Things I’ve Been Silent About is the memoir of the author of Reading Lolita in Tehran, a book I found very boring despite its critical acclaim and intriguing subject matter: a group of women who study banned Western novels in Tehran. This book recalls the author’s entire life starting with her parents’ marriage within the comfortable lifestyle of the Iranian elite.
It’s not an idyllic childhood. Her mother, who herself lost her mom at a young age and was reared none too kindly by her stepmother, clearly prefers her son to her daughter and is drawn to complicated behaviors and demands with everyone, and especially her daughter. Her beloved father is imprisoned under trumped political charges and increasingly maintains a second life with other women, avoiding his wife but never coming clean with her. The author is sent to England and later Switzerland to study and is left alone at a young age in an unfamiliar country with a different language.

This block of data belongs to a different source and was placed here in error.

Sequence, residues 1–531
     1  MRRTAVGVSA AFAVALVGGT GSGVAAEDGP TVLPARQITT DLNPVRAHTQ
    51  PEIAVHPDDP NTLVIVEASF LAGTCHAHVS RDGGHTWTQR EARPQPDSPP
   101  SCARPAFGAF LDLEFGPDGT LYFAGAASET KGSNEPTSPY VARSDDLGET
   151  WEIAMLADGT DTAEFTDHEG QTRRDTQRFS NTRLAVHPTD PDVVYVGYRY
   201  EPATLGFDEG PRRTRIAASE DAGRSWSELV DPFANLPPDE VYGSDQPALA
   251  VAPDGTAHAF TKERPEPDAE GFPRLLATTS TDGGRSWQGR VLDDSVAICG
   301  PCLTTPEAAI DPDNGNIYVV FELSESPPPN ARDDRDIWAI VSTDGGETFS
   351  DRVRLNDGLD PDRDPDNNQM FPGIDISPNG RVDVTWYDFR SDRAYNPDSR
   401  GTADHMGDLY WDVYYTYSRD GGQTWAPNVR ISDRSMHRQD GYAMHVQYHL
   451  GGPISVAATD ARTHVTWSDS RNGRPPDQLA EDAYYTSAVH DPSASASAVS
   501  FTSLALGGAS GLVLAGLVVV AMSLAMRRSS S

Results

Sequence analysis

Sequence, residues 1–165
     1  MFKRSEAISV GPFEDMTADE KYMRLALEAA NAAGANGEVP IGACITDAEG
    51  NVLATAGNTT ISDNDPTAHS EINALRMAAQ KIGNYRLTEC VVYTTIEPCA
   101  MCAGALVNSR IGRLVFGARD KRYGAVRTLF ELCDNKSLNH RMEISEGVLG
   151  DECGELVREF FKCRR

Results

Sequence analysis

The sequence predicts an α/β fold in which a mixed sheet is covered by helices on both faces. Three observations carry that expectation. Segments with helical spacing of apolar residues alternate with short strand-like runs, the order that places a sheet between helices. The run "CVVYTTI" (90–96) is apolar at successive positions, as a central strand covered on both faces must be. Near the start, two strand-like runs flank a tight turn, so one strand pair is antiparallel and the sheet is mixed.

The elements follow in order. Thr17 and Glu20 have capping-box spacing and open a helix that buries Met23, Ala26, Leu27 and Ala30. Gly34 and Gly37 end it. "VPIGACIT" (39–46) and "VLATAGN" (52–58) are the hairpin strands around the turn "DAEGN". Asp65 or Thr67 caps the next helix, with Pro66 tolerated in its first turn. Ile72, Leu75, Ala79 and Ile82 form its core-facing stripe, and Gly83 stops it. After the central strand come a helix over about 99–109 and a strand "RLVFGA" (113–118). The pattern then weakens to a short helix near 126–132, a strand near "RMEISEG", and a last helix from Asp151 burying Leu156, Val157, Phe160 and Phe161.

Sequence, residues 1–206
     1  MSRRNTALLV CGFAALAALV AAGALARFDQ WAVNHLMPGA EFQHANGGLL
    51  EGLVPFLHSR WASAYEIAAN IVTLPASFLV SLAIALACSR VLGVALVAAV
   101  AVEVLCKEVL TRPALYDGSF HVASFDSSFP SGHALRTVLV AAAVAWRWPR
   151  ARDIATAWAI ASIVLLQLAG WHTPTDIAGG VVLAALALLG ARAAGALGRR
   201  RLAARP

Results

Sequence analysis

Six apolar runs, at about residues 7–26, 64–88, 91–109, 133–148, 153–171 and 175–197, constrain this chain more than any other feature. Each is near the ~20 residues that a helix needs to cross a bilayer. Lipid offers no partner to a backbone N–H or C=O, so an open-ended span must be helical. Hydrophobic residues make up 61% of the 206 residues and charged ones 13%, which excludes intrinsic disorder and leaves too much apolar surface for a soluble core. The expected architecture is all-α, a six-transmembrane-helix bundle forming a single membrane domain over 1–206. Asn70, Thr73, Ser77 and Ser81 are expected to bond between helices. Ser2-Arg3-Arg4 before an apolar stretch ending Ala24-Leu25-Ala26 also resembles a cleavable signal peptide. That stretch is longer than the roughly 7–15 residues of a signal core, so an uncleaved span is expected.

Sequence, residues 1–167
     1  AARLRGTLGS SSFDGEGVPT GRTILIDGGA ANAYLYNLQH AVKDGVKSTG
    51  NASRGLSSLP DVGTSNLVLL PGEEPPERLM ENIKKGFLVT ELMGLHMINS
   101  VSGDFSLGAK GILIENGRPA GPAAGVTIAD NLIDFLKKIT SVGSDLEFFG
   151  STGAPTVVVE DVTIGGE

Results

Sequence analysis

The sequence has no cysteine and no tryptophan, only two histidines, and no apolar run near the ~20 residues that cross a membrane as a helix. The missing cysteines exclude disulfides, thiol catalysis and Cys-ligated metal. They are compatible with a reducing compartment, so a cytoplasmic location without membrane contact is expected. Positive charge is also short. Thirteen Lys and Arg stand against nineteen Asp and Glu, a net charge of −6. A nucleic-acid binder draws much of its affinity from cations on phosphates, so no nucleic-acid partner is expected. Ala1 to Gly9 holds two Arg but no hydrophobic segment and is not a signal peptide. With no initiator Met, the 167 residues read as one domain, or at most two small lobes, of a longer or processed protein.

I liked two aspects of this book. One is the intertwining of personal and public history: how her dad’s rise in the Shah’s government changed the family, how his imprisonment broke it up, how the Iran revolution divided her extended family in unexpected and tragic ways. The other is the painful, detailed accounting of her mother’s convoluted, needy, miserable self. Was she doomed from the start or could she have been transformed with just a little TLC as a child?